Mushroom Soup For The Pixelated Soul
It’s been one week since the 3DS arrived at my doorstep, followed by Super Street Fighter IV: 3D Edition and three other launch games (for review).
It’s been less than two weeks since Dissidia 012: Final Fantasy arrived at my doorstep, but I already have over 41 hours logged in the game clock, while Nintendo’s new technological marvel sits in a corner with dust beginning to form.
Don’t get me wrong, the 3DS delivers with its expectations, but Square’s follow-up to their first FF crossover has exceeded its own. Nearly every complaint I had with the first game has been fixed with the sequel (or expansion, call it whatever you want), including a more down-to-earth storyline that better handles the interaction between these multi-dimensional heroes. You get a better sense of camaraderie with the new cast of heroes (who are the main focus in the “12th cycle”), which is partly in thanks for the majority of them being better developed (and more confident) characters than the original cast of protagonists. This also makes the climax of their story all the more effective on an emotional level (no spoilers here), bringing back those feelings of nostalgia from classic FF titles that go deeper than the music, dialog quotes, and other easter eggs (though those help too).
The new characters are also a blast to play, whether it’s Yuna’s Summon combos or Laguna’s long-range weapons. Even Vaan has ended up a beast in battle, housing practically every medieval weapon known to man. But my favorite new character has to be (and I say this completely without bias) Tifa and her super-fast, super-deadly combos and feint abilities. At first I was afraid she would end up low tier, but once I got the hang of her feints, I can add a deep amount of strategy in each battle; her feints have several uses, including the ability to close in on dodgy enemies, pass through most projectile attacks, and even momentarily pause combos to further catch opponents off-guard.
It also helps that her attacks are among the coolest looking in the whole game. Ever wondered about that steel toe on her left boot? Turns out the point of that is so she can trail her foot around the floor, causing the spark to light her leg on fire and kick you with her exploding foot. There’s also her throw move taken straight from Advent Children as well as other super-fast special attacks. If Dissidia 012 ever ends up played in tournaments, I would be shocked if Tifa wasn’t among the top tier characters.
Thankfully, she’s also given justice from a character perspective; this is specifically FFVII Disc 1 Tifa, who retains her confidence and haughtiness in battle, and is quickly established as one of the main authority figures of the group (alongside Lightning). Her dialog is also memorable and is without a doubt the best job that Rachel Leigh Cook has done with the character. While her interactions with fellow FFVII veterans Cloud and Sephiroth are brief, they’re certainly interesting considering her amnesia upon being summoned to Dissidia’s world. If you’re a CloTi fan (to the point that you would openly use such a stupid nickname), you’ll definitely be in for a treat. If you’re a Cloud fan, you also have much to look forward to: not only has his wrist-slashing battle dialog been updated into something more confident, he also gets what is unquestionably the most badass moment in the entire game.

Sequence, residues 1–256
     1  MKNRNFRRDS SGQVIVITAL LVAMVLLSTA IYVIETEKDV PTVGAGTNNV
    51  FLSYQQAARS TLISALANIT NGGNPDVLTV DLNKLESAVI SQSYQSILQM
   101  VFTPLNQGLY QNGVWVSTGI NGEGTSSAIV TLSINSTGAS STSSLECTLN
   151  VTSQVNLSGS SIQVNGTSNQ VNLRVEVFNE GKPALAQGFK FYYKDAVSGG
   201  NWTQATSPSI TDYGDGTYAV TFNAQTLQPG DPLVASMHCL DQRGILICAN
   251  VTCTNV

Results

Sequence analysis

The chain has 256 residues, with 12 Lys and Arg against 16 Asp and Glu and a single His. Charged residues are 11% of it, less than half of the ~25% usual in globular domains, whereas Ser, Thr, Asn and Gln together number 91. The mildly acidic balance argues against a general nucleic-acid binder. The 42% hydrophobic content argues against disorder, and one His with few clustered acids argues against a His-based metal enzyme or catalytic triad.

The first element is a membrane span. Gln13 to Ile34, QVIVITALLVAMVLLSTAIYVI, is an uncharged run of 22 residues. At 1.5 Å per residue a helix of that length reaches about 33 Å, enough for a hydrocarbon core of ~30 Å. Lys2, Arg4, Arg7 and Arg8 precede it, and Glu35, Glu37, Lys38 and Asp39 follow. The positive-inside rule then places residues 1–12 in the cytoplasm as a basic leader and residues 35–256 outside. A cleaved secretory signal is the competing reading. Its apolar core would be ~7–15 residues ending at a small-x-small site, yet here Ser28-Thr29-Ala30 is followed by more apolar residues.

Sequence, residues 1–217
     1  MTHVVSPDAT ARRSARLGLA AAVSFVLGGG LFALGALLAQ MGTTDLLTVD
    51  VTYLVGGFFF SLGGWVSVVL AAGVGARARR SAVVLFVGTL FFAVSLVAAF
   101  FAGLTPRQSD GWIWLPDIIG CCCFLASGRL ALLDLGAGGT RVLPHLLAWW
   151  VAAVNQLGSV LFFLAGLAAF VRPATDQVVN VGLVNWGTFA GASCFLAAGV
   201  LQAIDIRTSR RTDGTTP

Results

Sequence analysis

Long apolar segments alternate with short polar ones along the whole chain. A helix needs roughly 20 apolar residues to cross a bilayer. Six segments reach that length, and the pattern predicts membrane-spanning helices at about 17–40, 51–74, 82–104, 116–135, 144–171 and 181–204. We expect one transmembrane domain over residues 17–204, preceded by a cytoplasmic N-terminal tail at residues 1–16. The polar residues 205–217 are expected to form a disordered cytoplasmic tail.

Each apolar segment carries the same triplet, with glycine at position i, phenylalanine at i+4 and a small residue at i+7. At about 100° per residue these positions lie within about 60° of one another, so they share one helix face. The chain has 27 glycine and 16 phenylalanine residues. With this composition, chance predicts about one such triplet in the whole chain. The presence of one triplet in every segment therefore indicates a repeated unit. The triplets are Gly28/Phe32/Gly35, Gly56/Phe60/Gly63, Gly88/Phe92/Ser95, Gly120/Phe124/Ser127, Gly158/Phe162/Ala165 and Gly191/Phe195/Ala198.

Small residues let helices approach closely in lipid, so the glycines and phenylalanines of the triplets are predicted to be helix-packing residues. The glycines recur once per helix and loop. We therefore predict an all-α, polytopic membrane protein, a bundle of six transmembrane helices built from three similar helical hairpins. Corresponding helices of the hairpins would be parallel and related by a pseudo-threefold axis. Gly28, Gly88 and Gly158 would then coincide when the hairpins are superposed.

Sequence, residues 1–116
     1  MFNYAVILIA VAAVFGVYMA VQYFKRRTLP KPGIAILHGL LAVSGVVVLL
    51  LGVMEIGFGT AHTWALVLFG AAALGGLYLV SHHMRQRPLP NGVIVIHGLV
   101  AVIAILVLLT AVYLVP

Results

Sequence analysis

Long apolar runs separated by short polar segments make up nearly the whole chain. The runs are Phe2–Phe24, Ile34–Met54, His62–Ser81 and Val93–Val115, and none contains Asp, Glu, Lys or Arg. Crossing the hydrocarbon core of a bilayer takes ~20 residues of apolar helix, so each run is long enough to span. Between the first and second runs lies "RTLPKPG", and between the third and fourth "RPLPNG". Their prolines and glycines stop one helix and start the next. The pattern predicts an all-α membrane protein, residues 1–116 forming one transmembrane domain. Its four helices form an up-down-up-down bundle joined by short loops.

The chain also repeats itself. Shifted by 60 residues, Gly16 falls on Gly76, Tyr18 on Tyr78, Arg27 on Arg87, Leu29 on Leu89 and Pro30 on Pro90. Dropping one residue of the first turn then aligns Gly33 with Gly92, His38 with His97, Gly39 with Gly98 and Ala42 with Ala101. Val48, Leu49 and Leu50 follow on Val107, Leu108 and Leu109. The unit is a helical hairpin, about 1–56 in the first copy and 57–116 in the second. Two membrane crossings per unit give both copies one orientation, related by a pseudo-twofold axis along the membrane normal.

Sadly though, there’s still the issue of the game’s visual portrayal of the character. I touched on the subject before, and the same opinion stands: her breasts do jiggle, but it’s an incredibly mild effect. Any in-game commentary about her assets is also kept discrete, with the only fellow character to make a comment being the one character you would expect to do so (Zidane). She’s not slobbed over by every single hero or villain, and she’s treated with the same ounce of respect as any of the other fully-armored heroes.
That said, her in-game cutscenes don’t quite show the same level of modesty…
She doesn’t seem quite as “perky” in battle, which leads me to wonder if they’re using two different character models in the game. Even with this portrayal, it’s still not a big deal; her chest is pronounced but not protruding to obscene levels. Her CG model is practically medium-sized, which is just another reason that I want FFVII’s remake to appear in a high-def console.
But that’s not stopping the legion of fanboys from making typical comments. I’m convinced that Final Fantasy is one of the worst topics to discuss on the internet, because the “mainstream” point of view among people is positively headache-inducing. Try visiting the Dissidia message board in a place like GameFAQs and you’re likely to find at least a page and a half of masturbatory comments relating to Tifa. But I suppose that’s my fault for visiting GameFAQs in the first place…
But truly, I had given up hope until I came across one sensible article that shares my beliefs. I shouldn’t be disturbed about what the internet has to say since the simple truth is that Final Fantasy (and particularly FFVII) has a ridiculously huge fanbase, and like all fanbases there’s going to be an even split between conservative fans and straight-up teenage retards.
But again, I partly blame Square for fueling the fanboy fire by not attempting to match Tifa closer to her CG render and Nomura’s official artwork. Again, it’s a mild portrayal that comes nowhere near close to the FMV balloons in the original FFVII, but the simple fact is that she’s the only character in the game with jiggling breasts, and that is simply not the kind of attention she needs, especially since her actual role in Dissidia 012 is among her most notable crowning moments of awesome. It was an unnecessary amount of fanservice, when she already has plenty of the non-exploitative kind to deliver in the game.